Plasmodium species, the aetiological agents of malaria, cycle between a mosquito vector and vertebrate host to complete its life cycle. Mammals become infected with malaria parasites when bitten by an infected Anopheles mosquito, which deposits the sporozoite form of the parasite into the host's skin (reviewed in
). Sporozoites then actively seek the host vasculature and upon invading it, passively migrate to the liver where they ultimately infect a hepatocyte and replicate within it. This liver stage of development (which lasts two days for rodent-infective species or six to eight days for human-infective species) results in the release of tens of thousands of red blood cell-infectious exoerythrocytic merozoites. These merozoites then initiate the blood stage of malaria infection that is associated with all clinical symptoms of the disease.
The characterization of sporozoite infectivity has often been limited by the presence of bacteria and yeast. Because of these contaminating microbes, the duration of many in vitro infections of permissive hepatocytes is often limited to only a few days. In addition, immunocompromised mice with humanized livers have recently been developed to provide an in vivo model of liver stage infections for both Plasmodium falciparum and Plasmodium vivax (
[2, 3], Mikolajczak et al., personal communication). Infections of these mice with large numbers of unpurified sporozoites can also systemically introduce large amounts of these microbes, which may negatively impact the health of these mice and affect the innate immune response against the parasite during the 6–8 day liver stage infection. These contaminants can similarly confound investigations of basic immunological responses of non-humanized mice against rodent malaria, as well.
Biochemical studies of sporozoites have also been hampered by relatively large amounts of residual mosquito debris compared to the parasite mass. For instance, proteomic studies of various Plasmodium species have used unpurified sporozoites and this has resulted in the identification of only a limited number of parasite-specific peptide hits, presumably due to the large number of contaminating mosquito-derived peptides
[4–6]. Substantial reduction of mosquito proteins would substantially help such characterizations.
A previously published method of sporozoite purification requires that the parasites be first coated with bovine serum albumin (BSA) and then passed through ion exchange resin
. While this described procedure produces well-purified sporozoites, the fraction of sporozoites recovered is routinely low (30-40%) even with sporozoites obtained from isolated salivary glands (Lindner S., unpublished results). Moreover, this approach yields parasites coated with BSA, which is known to induce sporozoite apical organelle secretion and motility
[8, 9]. Another sporozoite purification method that employs BSA utilizes a discontinuous density gradient composed of diatrozoate sodium/Hypaque and several lengthy, high speed spins to purify sporozoites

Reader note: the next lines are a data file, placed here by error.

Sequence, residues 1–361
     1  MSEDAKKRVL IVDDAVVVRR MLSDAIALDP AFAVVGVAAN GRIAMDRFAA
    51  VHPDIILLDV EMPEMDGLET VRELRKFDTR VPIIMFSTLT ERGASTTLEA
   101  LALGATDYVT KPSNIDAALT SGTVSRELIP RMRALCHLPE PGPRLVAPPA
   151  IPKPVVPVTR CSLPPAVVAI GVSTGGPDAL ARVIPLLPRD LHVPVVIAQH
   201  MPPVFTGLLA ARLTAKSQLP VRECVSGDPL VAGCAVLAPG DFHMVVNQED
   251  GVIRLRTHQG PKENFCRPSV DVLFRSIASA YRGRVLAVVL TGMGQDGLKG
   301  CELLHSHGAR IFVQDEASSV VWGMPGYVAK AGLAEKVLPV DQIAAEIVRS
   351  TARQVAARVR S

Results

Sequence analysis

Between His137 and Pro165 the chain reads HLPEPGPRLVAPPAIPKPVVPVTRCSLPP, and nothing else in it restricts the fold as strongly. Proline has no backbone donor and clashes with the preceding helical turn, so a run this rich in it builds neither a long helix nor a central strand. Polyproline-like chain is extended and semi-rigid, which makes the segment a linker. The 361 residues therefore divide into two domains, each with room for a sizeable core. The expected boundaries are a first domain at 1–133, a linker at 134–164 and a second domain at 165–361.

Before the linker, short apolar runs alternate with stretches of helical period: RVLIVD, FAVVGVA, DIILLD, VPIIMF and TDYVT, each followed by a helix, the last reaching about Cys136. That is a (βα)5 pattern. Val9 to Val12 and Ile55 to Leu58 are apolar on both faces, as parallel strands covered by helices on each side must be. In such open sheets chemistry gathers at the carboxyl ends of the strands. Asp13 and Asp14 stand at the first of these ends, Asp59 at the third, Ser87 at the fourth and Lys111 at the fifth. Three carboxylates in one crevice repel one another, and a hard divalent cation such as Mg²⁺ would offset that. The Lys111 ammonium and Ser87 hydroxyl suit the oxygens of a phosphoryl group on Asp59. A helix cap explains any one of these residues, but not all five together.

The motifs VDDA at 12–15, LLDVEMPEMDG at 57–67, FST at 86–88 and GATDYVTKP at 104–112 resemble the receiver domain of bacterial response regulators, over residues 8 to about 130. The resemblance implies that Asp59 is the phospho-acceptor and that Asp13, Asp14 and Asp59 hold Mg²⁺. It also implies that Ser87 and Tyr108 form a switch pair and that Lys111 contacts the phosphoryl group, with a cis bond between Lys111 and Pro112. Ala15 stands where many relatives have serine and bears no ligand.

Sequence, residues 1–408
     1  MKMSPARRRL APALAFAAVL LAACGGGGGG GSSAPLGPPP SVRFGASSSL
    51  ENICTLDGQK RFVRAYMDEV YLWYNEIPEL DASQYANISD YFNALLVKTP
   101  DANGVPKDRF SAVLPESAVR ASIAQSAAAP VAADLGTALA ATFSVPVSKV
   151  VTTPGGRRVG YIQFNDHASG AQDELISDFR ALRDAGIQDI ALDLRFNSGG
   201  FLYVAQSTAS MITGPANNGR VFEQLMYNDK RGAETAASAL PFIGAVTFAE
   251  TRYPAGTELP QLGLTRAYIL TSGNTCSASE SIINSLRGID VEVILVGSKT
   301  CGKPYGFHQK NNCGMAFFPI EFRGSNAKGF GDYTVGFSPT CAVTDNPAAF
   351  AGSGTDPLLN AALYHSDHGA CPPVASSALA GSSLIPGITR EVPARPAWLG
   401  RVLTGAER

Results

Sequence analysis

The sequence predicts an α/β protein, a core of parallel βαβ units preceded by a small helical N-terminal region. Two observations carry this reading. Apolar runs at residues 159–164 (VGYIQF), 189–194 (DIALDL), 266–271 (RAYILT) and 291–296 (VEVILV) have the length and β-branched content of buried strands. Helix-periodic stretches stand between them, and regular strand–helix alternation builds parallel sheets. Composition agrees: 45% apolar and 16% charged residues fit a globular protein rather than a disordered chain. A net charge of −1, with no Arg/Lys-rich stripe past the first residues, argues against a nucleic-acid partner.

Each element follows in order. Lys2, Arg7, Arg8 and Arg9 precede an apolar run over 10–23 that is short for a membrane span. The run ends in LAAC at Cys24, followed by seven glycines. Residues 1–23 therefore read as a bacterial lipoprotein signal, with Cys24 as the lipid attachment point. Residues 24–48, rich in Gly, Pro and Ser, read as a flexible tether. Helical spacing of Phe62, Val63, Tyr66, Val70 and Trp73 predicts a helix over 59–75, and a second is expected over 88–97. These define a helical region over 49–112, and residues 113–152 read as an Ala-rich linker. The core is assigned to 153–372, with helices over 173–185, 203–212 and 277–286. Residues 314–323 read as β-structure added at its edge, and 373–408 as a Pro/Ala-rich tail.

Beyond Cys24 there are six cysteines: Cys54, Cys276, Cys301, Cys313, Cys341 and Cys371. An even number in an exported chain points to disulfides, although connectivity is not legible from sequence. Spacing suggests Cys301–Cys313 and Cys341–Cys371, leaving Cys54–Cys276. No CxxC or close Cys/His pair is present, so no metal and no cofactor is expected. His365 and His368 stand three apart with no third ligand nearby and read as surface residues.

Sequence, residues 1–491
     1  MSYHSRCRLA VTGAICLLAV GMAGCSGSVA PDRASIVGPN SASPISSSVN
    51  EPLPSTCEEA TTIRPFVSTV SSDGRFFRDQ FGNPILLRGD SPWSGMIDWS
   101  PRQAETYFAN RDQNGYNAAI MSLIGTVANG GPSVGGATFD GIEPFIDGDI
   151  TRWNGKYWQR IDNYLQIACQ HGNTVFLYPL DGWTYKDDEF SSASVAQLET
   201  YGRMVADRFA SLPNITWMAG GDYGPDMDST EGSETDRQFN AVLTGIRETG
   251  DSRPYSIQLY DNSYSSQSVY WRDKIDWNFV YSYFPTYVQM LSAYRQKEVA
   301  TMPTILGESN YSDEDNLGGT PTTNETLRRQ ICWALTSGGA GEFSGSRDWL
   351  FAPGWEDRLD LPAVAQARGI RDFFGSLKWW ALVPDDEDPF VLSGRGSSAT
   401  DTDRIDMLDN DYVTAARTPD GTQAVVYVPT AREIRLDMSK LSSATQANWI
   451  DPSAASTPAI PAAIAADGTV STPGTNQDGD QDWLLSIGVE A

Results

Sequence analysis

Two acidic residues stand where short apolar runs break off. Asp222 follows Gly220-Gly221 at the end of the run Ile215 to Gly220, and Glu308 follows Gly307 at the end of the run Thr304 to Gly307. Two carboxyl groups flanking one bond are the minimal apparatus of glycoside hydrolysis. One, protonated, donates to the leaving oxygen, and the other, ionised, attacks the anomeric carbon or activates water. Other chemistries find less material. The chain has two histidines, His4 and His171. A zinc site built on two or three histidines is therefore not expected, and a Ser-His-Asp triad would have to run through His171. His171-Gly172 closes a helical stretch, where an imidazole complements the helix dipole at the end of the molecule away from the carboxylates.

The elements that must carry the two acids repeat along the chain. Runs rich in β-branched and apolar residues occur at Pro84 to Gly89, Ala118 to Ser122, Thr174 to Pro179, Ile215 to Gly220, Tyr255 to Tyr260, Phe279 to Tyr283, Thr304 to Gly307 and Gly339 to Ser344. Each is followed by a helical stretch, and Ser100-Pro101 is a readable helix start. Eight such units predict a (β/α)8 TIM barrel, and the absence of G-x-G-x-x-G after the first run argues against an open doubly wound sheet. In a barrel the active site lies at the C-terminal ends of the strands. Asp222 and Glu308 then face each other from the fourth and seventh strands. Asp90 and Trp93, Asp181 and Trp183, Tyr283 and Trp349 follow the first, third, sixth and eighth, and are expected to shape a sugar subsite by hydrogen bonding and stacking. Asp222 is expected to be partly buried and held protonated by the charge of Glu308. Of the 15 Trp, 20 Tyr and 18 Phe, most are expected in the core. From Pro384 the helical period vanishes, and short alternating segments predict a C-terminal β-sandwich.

. When injected into mice, these sporozoite preparations resulted in the death of significant numbers of the mice due to an immune response to BSA
. A revised protocol from the same authors that employed mouse serum in lieu of BSA did curtail mouse death, but did not reduce contaminating microbial burdens (ibid).
Ideally, an effective malaria vaccine will confer sterile protection prior to the onset of symptoms. The most promising subunit vaccine candidate, RTS,S, is currently in Phase 3 trials by GlaxoSmithKline but has shown only partial protection from subsequent infections
. Recent efforts have also focused on developing malaria vaccines comprised of live sporozoites attenuated by irradiation or genetic disruption, including the first trial testing syringe delivery of irradiated sporozoites
[13–16]. These attenuated parasites are able to productively infect hepatocytes, but arrest at specific points within the liver stage of parasite development
. Interestingly, genetically attenuated parasites that arrest as late liver stage parasites (e.g. pyfab b/f
parasites) provide greater and broader CD8+ T-cell responses and higher levels of protection than do radiation attenuated parasites or early arresting genetically attenuated parasites (ibid). Further studies and large-scale implementation of these vaccine candidates would greatly benefit from the production of large numbers of sporozoites that have been purified away from mosquito-derived contaminants to facilitate their characterization and deployment.
To address all of the above problems, herein is described a discontinuous density gradient purification method that employs a dense layer composed of Accudenz dissolved in water. This strategy effectively removes mosquito debris and hemocoel lipids, does not require BSA or serum, greatly reduces bacterial contamination, and eliminates yeast contamination. Moreover, this approach is applicable across all species of Plasmodium tested, including rodent-infective Plasmodium yoelii and human-infective P. falciparum and P. vivax sporozoites. Importantly, this method is scalable, as >107 sporozoites can be routinely purified in a single gradient with excellent recovery rates. Lastly, this method is validated by demonstrating that these purified sporozoites are fully infectious in standard in vitro and/or in vivo infectivity assays for all three species. Taken together, this method provides a means to rapidly purify Plasmodium sporozoites for both basic research and vaccine production applications.